Here is an executive summary:

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Written by Jerry Davis

August 14, 2012 at 3:14 am

new review of fligstein/mcadam’s field theory

David Hess, of Vanderbilt’s soc dept., has a review of Theory of Fields. You can read it at Mobilizing Ideas. A few good choice clips:

Field theory is of general importance in the social sciences because it provides a way to balance tendencies toward structural determinism and agency as well as micro and macro scales of analysis. There are many theory traditions of field sociology, and F&M provide a discussion of some of them, but in terms of accumulated symbolic capital such as citations, Bourdieu’s field theory is clearly the leader and arguably the most intellectually significant point of comparison.  Having found a somewhat loose appropriation of Bourdieu’s field sociology to be valuable in the study of science, technology, social movements, and society, I am sympathetic with F&M’s use of Bourdieu’s work and willingness to modify it as they see fit.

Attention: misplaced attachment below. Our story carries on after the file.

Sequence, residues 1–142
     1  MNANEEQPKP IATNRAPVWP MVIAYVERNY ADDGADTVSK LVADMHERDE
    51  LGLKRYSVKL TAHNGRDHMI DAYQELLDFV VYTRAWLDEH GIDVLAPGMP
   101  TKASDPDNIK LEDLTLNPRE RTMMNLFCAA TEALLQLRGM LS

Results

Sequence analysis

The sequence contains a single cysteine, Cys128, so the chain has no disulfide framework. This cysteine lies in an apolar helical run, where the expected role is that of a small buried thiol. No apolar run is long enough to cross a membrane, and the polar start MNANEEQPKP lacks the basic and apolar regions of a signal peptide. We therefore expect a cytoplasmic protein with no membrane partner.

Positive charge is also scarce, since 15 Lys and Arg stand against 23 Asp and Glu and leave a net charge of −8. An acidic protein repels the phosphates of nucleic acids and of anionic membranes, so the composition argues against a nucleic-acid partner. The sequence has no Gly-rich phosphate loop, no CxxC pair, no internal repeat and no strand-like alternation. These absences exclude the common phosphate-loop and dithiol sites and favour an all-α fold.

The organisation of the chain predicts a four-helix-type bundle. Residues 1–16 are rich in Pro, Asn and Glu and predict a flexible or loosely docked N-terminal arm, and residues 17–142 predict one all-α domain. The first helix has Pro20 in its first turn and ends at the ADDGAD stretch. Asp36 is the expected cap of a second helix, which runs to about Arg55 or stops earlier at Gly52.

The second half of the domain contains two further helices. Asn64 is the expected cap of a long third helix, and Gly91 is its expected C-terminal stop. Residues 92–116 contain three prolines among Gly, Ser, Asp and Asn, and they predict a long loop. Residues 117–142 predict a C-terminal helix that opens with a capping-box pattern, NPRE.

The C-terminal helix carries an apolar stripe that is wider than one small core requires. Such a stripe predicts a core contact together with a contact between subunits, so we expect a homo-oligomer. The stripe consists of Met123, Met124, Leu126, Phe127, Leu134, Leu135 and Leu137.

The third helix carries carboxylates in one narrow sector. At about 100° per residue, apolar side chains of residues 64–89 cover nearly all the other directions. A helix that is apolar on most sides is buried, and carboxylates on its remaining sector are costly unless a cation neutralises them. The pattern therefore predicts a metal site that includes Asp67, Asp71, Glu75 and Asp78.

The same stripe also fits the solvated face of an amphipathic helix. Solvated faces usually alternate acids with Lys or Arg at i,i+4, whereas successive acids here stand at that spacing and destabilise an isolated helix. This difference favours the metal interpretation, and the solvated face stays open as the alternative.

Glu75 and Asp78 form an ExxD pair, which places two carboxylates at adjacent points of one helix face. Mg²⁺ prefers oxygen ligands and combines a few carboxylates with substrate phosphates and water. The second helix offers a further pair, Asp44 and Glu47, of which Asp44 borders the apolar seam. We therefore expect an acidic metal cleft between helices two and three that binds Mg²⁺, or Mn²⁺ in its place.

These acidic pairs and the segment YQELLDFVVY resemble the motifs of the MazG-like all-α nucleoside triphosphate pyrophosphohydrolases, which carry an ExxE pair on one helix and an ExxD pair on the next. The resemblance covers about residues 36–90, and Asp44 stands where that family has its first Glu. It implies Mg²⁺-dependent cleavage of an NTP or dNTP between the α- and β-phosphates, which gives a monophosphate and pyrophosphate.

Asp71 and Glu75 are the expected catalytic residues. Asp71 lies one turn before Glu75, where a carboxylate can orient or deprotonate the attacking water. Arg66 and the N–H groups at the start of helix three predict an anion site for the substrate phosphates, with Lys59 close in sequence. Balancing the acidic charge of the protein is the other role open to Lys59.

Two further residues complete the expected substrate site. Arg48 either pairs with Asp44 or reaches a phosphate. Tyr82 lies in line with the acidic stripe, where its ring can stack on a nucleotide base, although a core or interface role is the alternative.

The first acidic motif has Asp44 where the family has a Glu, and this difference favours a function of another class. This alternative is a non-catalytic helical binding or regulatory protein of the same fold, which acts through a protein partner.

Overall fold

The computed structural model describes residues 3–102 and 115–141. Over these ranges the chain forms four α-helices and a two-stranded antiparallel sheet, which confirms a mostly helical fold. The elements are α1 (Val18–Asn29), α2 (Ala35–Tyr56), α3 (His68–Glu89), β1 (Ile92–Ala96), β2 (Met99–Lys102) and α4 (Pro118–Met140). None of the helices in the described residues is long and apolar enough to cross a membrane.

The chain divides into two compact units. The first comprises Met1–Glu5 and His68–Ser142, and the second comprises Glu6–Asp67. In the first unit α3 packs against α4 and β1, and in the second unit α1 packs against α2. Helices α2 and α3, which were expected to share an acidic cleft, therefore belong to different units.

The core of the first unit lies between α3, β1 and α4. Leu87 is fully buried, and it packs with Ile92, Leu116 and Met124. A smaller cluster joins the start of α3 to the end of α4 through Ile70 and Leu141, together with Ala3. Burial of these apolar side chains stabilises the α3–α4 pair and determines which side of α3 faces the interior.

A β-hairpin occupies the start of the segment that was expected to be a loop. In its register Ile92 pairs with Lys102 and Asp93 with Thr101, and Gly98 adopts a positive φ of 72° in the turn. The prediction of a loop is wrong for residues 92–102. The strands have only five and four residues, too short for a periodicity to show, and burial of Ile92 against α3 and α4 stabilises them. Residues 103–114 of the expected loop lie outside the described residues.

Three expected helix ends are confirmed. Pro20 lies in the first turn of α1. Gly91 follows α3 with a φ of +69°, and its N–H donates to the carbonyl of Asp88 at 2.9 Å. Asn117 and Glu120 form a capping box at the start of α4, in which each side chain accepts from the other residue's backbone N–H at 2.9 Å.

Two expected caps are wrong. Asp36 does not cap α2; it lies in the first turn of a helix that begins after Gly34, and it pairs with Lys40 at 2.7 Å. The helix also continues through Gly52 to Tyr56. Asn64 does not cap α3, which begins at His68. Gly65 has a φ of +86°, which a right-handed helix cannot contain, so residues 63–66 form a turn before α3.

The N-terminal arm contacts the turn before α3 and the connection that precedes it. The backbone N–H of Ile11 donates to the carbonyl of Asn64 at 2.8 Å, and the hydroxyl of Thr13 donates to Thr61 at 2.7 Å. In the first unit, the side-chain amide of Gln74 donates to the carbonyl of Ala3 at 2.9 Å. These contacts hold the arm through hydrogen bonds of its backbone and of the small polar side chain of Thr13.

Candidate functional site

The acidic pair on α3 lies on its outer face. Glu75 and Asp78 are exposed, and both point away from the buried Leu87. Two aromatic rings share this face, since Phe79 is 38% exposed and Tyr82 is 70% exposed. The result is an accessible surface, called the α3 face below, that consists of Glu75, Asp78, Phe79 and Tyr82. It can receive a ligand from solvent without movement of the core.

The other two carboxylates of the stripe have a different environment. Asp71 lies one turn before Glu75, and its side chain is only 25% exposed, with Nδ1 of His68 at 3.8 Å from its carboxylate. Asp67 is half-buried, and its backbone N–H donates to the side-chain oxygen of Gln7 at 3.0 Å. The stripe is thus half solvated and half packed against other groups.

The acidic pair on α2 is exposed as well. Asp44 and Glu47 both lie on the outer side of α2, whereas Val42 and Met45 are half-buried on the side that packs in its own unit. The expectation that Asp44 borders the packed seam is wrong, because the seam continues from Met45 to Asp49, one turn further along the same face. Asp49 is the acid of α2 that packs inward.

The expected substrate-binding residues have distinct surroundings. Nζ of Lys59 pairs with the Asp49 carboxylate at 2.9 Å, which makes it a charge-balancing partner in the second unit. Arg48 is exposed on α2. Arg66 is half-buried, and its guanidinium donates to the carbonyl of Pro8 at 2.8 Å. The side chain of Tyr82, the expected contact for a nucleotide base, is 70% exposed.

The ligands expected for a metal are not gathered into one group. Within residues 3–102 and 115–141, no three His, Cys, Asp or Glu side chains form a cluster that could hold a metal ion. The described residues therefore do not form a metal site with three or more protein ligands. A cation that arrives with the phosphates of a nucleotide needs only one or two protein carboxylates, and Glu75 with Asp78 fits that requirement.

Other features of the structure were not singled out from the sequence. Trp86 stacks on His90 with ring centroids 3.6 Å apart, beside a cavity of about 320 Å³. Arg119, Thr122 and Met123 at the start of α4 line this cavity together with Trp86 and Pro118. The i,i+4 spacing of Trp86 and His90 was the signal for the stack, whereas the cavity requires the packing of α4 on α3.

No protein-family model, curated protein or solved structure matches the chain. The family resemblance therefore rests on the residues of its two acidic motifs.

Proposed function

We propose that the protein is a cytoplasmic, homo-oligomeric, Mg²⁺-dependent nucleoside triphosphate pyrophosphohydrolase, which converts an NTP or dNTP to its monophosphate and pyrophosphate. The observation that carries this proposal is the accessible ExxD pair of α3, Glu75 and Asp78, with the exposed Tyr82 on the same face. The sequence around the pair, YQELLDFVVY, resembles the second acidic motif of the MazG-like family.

And:

In summary, the book is likely to have considerable influence for many reasons, including the symbolic, temporal, and social capital of the authors in the field of sociology and their interest in connecting diverse approaches to the concept of fields in several subfields of sociology. Their project explicitly resists the tendency for researchers in, for example, organizational sociology to develop field theories without the benefit of similar work going on in economic sociology and social movement studies.  Thus, they see the concept of strategic action fields as enabling a broad intra- and interdisciplinary conversation with related conceptual frameworks, such as work on organizational fields, games, networks, and policy domains and systems.

See previous orgtheory discussion of Theory of Fields here and here.

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Written by fabiorojas

June 25, 2012 at 12:03 am

Posted in everything, fabio, sociology

Enter the Vortex of Vibrating TEDnergy

The next time your Dean starts giving you a hard time because you’ve never given a TEDx talk, just have them watch this.

To be honest, I think this talk justifies and redeems the entire TED brand.

Written by Kieran

June 1, 2012 at 3:00 pm

stuart kauffman on the craziness of semiotics, theories of everything, and everything else

A talk Stuart Kauffman gave last month in Estonia on From Physics to Semiotics.

Written by teppo

May 25, 2012 at 6:58 pm

Posted in everything